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09 June 2008

Ten Things To Do Before the Collapse

I figure we've got at least a few years before civilization falls apart and leaves us scrambling to survive, so I've been thinking a lot about how I would like to prepare for the big event. I figure, it's best to get started with this stuff before the collapse because then I'll be a step ahead when it happens, and if it doesn't happen in my lifetime, then at least I'll have some cool skills to show off. Here I've come up with a list of ten things I'd like to learn or do while there's still time.

1) Garden - we're going to need a lot of food and we won't be able to rely on the current large scale, processed food infrastructure to supply it, so the more gardens we can get going now the more food we'll have when things hit the fan. Medicinal plant gardens would be nice to have too.

2) Learn to hunt - I seriously doubt that vegetarianism will be a viable option after the fall, and one of the best sources of food will likely be hunted meat. Therefore, it will be important to know how to track, hunt, and kill an animal as well as how to skin and butcher it and preserve the meat.

3) Learn to shoot a gun and a bow - In conjunction with learning to hunt, it's important to know how to handle a gun safely and effectively. However, I'm almost afraid to suggest, it might be useful to know for self defense purposes as well. Hopefully it won't come to that, but it's good to be prepared. As bullets and powder become more and more scarce, the bow will be the next best thing - easily made from simple materials, effective and deadly in a variety of situations.

4) Lean flintknapping, arrow fletching and similar skills - the ability to make your own tools from materials that are easily found in nature (rock, wood, bone, etc.) could be one of the most useful things to have. In this same vein, the ability to fix industrial machines with easily found materials would be useful as well, at least in the early stages.
5) Learn about edible and useful wild plants - another source of food and medicine.
6) Work on team building, strategy and tactics - again, I hope it doesn't come to this, but the ability to organize as a group for the purpose of armed combat might be useful. This could be done with games such as ultimate frisbee, soccer, paintball, etc. Anything that involves several people and requires organized effort.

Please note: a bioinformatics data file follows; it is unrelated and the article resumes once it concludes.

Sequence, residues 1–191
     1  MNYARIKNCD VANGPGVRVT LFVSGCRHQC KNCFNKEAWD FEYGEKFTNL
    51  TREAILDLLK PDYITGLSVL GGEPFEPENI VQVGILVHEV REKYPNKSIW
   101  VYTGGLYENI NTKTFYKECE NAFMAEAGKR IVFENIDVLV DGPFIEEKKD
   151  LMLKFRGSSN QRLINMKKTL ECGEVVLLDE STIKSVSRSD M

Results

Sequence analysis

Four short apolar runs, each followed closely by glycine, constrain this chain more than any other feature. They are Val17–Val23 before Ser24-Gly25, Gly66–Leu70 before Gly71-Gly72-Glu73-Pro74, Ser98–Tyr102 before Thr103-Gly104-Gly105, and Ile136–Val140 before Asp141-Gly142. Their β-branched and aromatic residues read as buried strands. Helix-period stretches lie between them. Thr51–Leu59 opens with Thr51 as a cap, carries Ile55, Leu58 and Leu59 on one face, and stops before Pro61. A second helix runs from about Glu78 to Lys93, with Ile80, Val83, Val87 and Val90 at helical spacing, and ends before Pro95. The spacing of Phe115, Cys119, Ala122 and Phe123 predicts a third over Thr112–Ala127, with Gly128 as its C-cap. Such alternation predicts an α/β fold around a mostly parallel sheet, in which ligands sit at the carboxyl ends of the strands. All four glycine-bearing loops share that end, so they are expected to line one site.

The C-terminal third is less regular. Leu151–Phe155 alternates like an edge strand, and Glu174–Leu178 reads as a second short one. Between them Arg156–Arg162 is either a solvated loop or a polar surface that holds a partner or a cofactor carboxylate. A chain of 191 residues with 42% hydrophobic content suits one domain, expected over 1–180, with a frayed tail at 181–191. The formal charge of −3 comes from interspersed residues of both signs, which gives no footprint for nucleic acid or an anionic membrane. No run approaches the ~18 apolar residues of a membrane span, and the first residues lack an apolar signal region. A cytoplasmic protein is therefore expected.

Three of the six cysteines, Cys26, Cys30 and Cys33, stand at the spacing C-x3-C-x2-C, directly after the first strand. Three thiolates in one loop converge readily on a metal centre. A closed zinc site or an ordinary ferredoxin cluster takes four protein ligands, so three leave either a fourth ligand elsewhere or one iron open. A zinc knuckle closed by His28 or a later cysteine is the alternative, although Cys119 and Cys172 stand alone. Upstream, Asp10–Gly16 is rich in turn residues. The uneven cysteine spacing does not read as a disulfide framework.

7) Get in Shape - A lot of us have become very slothful and out of shape with the abundant food and lack of physical activity. People who are physically fit - those who can run or bike long distances, lift heavy objects, climb or jump well - are going to have a great advantage.

8) Learn Self Defense - learning some hand to hand combat techniques may be necessary. This is especially true for women, but men will do well to learn too.

9) Build community networks - As I've said time and again, no one ever survives without a complex network of community support. Even hermits rely on goods produced by the community. We've become atomized and individuated, so we have to build from scratch a lot of those structures that will break down during and after the fall, but rebuild them on a local, sustainable level. The key is to get out into your community and help out the organizations that exist. Also, if you see a need that isn't being filled on the local level then start putting something together to fill that need. Most importantly, get out and make friends, talk to people and build relationships.

10) Enjoy some of the things I'll miss - I don't mean to be glutinous, but just to cherish the small things that won't be around afterward - ice cream and chocolate, for example. Enjoy them - don't consume them.

I'm sure there's a lot more that I could do, but this is what I came up with in a few minutes at work. I'd love to hear what other people think about my list or if you have any suggestions for additions to the list.


btmc said...